Quaker trusts are caught up in tax evasion probe
Birmingham’s Quaker heritage means scores of trust funds are set to be put under the spotlight in a US-inspired tax evasion swoop, the sector has been warned.
Trusts are at the heart of a new compliance regime aimed at rooting out hidden assets and pressurising tax havens to come clean.
But a seminar held by Investec Wealth & Investment (IW&I) in the city centre heard that the West Midlands had a higher concentration of trusts than most UK regions because so many early entrepreneurial families, like the Cadburys, were Quakers.
Many of these will be able to claim exemptions from the new legislation but others could face a bureaucratic nightmare, warned Jamie Thomson, head of operational risk at IW&I.
Meanwhile, he said the Birmingham office was picking up a clutch of new clients in the wake of turmoil in the investment management industry, with one of the major banks said to be jettisoning all customers with holdings under £1 million.
The trust threat follows implementation in the UK of the Foreign Account Tax Compliance Act (FATCA) introduced by the US tax authorities to reduce tax evasion by its citizens.
It requires financial institutions to pass over information about their US customers.
But the UK treaty goes further and requires financial institutions to identify all reportable accounts, establishing the tax residency of all account holders – not just in respect of US nationals – and sending the required information to HM Revenue & Customs.
It has spawned a host of similar deals between countries including drawing in traditional tax havens such as the Channel Islands, the Cayman Islands, British Virgin Islands, Turks and Caicos and others.
If a trust is deemed a financial institution then it risks being required to register direct with the US tax authorities – the deadline is December 22 – carry out due diligence on its trustees and beneficiaries and submit an annual FATCA tax return to HMRC.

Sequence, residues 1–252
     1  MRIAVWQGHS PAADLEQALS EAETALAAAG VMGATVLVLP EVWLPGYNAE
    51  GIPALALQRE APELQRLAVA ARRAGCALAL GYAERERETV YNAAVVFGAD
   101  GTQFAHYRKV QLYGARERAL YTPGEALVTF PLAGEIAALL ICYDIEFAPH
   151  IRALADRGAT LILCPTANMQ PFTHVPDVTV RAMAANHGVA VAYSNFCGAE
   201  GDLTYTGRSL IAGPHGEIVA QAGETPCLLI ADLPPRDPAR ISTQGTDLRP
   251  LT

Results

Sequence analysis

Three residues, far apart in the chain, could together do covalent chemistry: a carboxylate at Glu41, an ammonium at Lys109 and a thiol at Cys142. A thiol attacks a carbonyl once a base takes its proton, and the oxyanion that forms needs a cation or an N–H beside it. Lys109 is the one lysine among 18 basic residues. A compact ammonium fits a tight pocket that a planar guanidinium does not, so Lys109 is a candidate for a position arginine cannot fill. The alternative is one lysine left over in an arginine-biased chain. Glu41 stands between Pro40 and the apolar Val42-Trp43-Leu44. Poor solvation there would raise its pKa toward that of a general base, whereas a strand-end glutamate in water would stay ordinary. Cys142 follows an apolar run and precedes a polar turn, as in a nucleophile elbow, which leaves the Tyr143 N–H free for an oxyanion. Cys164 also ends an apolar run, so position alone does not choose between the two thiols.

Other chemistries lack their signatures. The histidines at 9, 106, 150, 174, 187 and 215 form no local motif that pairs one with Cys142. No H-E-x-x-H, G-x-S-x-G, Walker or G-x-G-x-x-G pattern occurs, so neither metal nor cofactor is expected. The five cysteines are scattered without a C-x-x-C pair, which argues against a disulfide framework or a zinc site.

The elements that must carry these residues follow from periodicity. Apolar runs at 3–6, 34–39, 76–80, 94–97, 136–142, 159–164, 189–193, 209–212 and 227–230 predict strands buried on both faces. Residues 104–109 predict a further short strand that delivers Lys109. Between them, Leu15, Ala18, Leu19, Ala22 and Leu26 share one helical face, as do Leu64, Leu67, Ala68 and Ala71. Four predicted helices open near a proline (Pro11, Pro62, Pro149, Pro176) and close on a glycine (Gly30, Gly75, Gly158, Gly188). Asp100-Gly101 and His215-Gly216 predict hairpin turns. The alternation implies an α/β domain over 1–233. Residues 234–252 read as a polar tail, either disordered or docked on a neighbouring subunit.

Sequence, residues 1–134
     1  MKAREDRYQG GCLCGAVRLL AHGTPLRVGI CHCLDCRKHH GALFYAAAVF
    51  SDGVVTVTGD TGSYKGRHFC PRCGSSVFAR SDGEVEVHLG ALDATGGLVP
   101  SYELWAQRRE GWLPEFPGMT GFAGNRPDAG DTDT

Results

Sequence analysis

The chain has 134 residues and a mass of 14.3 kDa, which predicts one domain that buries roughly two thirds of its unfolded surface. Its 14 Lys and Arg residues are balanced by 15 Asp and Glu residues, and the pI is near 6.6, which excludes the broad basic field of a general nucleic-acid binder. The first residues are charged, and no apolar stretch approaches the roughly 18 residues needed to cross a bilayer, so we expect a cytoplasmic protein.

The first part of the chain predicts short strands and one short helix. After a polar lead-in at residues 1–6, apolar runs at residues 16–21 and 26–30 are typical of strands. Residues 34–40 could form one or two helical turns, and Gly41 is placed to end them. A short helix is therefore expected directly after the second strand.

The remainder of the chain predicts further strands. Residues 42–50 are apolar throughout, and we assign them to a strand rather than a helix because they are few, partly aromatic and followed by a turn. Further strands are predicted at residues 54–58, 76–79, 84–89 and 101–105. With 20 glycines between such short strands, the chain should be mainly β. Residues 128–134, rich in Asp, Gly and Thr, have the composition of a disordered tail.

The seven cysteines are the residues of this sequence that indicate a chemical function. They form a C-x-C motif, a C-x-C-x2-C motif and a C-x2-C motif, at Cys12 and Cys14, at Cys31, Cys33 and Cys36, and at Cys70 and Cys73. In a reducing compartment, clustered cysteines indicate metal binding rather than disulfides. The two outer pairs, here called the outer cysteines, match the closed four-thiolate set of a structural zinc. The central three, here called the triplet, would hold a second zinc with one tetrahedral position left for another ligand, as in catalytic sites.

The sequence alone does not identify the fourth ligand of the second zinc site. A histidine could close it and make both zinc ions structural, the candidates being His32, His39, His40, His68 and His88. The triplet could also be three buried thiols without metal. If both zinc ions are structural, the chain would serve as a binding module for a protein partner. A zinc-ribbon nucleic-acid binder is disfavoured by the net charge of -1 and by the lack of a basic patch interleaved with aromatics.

With 8,000 trusts on their books IW&I’s first reaction to all this was one of “horror”, admitted Mr Thomson.
He noted that it hadn’t turned out as bad thanks to exemptions in relation to the likes of pensions and charities; nevertheless it was very definitely a “game changer”.
Mr Thomson added: “For example, it is most unlikely to apply to a small family trust, with perhaps two trustees.
“However, a few very small trusts may be impacted and find they have to go through the whole rigmarole, and not just once but every year. Anyone offering trustee services will be caught too.
“The thing to remember though is that if you have nothing to hide then you have nothing to worry about.”
And he promised that IW&I would do its best to take the bulk of the burden off clients where it could.
The get-tough approach has seen some foreign banks landed with big fines after being deemed to have aided or abetted US taxpayers to hide their wealth.
Mr Thomson said financial institutions which failed to cooperate could expect “a knock on the door”, fines, sanctions and significant damage to their reputation.
In response to this article, chief executive of the Barrow Cadbury Trust Sara Llewellin said:
“Yes, the West Midlands has a lot of charitable trust funds due to the philanthropy of Quakers, among others. Your article draws attention to a new US/UK protocol requiring trusts to submit annual returns to assist the US Government in tracking down tax evasion by US citizens.
“It was unfortunate that your headline ‘Quaker trusts are caught up in tax evasion probe’, with a large photograph of George Cadbury, gave the impression that Quaker trusts might be under some form of suspicion.
“In fact, Quakers have been, and still are, outspoken in their opposition to tax evasion and doubtless will be more than happy to comply.”